Harford continues community efforts to educate about heroin abuse

Thursday was opening night for this year's run of the play "Addicted," which is about three young people struggling with drug and alcohol addiction. The play opened at North Harford High School and will be shown again at 7 p.m. Friday and then March 11-12 at Mt. Zion Methodist Church near Bel Air.
Thursday was opening night for this year's run of the play "Addicted," which is about three young people struggling with drug and alcohol addiction. The play opened at North Harford High School and will be shown again at 7 p.m. Friday and then March 11-12 at Mt. Zion Methodist Church near Bel Air. (Baltimore Sun)

Harford County law enforcement, education and government leaders are starting a new round of community events this week to get the word out to county residents, especially the youth, about the dangers of heroin addiction.

A four-show run of the original production, "Addicted," started at North Harford High School in Pylesville Thursday night. The play, which was written and directed by North Harford school psychologist Christle Henzel and stars North Harford students and alumni, shows how drug addiction affects not only the user, but also the person's friends and family .


"It tells the true impact of alcohol and drug abuse on the individual, the relationships," Joe Ryan, county drug control policy administrator, said Thursday afternoon.

Ryan noted he saw "Addicted" performed at North Harford two years ago, and his office is working this year to make the play a county-wide event.


"I saw the power in it, so let's make it a community event and spread the word out to all; the other schools, the other communities," he said.

The play also will be put on Friday at the high school and then March 11 and 12 at Mt. Zion United Methodist Church off Route 22 east of Bel Air. Admission is free and all showings start at 7 p.m.

Henzel dedicated Thursday's showing to her late brother, Jason, who struggled with drug addiction.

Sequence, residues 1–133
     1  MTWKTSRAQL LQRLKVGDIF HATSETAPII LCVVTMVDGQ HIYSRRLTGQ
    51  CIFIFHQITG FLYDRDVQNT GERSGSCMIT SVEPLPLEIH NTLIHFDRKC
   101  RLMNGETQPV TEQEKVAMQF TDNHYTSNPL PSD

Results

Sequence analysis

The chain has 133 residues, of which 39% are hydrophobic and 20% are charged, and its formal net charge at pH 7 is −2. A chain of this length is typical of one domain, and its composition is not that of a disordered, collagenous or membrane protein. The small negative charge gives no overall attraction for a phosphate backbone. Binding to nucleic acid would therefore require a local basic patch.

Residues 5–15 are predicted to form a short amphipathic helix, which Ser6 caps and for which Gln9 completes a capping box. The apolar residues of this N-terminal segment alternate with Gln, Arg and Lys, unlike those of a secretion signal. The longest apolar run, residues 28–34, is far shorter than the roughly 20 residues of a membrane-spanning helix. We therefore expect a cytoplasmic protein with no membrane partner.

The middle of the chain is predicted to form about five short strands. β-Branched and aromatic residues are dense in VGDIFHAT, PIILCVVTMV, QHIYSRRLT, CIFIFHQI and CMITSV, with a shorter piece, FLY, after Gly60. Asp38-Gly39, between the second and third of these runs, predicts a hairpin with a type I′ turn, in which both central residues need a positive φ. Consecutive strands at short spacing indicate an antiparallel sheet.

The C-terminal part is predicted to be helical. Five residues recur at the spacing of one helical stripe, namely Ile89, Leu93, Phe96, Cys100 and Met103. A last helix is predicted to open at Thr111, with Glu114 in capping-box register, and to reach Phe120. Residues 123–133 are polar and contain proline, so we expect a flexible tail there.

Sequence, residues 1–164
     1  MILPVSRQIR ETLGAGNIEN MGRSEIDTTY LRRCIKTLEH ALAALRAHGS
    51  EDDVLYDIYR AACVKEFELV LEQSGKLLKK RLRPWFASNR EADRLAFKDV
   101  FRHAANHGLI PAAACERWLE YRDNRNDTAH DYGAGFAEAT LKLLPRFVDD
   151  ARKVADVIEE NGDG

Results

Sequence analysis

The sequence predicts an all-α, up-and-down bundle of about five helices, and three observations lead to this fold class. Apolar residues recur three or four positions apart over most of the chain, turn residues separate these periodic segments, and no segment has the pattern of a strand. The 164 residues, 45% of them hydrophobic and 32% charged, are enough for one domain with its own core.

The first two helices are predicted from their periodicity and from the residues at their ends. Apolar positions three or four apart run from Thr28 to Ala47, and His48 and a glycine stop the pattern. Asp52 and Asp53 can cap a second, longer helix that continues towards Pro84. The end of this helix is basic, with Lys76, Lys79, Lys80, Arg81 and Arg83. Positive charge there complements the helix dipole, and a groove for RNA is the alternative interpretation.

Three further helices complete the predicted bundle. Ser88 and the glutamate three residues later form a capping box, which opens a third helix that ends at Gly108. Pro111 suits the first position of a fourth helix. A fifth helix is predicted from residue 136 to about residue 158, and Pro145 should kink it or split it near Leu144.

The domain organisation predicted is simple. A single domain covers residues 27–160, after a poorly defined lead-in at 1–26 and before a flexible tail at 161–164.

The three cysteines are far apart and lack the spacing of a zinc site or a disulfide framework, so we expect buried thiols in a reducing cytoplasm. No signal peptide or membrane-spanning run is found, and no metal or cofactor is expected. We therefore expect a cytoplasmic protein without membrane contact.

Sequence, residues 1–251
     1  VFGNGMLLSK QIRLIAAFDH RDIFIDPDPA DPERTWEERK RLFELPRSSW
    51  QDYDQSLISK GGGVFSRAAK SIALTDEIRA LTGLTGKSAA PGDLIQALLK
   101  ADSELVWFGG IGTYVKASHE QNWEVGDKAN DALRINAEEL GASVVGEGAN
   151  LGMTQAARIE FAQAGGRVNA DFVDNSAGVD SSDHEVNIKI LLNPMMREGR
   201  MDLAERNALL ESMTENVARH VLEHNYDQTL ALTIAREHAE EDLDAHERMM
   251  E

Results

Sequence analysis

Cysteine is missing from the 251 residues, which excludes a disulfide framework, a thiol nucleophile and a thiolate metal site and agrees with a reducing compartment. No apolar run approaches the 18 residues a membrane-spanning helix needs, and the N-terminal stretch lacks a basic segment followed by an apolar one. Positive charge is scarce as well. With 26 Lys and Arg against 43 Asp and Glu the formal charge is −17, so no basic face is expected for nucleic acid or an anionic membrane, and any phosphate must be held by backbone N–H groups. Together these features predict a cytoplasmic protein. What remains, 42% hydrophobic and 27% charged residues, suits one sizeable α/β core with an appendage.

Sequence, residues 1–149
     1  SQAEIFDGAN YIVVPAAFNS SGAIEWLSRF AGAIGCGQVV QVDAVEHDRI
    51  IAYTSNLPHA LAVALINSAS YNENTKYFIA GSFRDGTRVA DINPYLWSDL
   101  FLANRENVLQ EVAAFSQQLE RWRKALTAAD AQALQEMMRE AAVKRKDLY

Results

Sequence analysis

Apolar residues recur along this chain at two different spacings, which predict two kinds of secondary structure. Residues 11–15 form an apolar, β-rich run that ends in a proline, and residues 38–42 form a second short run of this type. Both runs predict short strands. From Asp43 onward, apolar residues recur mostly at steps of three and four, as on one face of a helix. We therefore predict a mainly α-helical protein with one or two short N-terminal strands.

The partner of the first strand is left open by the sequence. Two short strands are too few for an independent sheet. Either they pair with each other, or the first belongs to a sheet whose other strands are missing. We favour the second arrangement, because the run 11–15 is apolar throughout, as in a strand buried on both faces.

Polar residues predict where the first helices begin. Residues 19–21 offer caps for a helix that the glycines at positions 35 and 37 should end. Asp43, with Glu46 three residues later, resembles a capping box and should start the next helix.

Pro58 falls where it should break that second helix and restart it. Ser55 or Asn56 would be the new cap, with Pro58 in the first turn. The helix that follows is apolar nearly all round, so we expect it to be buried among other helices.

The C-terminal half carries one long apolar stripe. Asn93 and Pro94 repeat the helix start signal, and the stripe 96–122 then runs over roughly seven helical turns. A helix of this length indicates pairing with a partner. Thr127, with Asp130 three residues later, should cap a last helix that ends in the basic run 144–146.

"It is through his loss that I am inspired to fight and challenged this epidemic," she said.


Henzel asked members of Thursday's audience to raise their hands if they have been affected by a loved one's struggle with drug or alcohol addiction, and most did.

"Look around, most of us have been impacted in some way," Henzel said.

Members of the Dick family, of White Hall, were among those who raised their hands. Melissa Dick said after the show that it is ultimately up to an addict to get help, not his or her friends or relatives.

"Unless they decide that they want the help, you're just the enabler," she said.

Dick attended the play with her husband, David, and their 15-year-old daughter, Audrey, who is a freshman at North Harford.

She did not specify who her family knows who dealt with drug addiction, though.

"Until they decide to get better, you're at a standstill," Dick said. "It's heartbreaking."

The play is a series of monologues by three people in their early 20s who are addicts, as well as monologues from actors portraying their friends, parents, siblings and significant others, who describe in wrenching detail, the pain that the addicts they love are putting them through.

Jessica, who is addicted to prescription drugs, is played by North Harford junior Jill Nooney. Leif McCurry, who is also the assistant director, plays Dan, an alcoholic. Actor Ben Hill plays Alex, a heroin addict.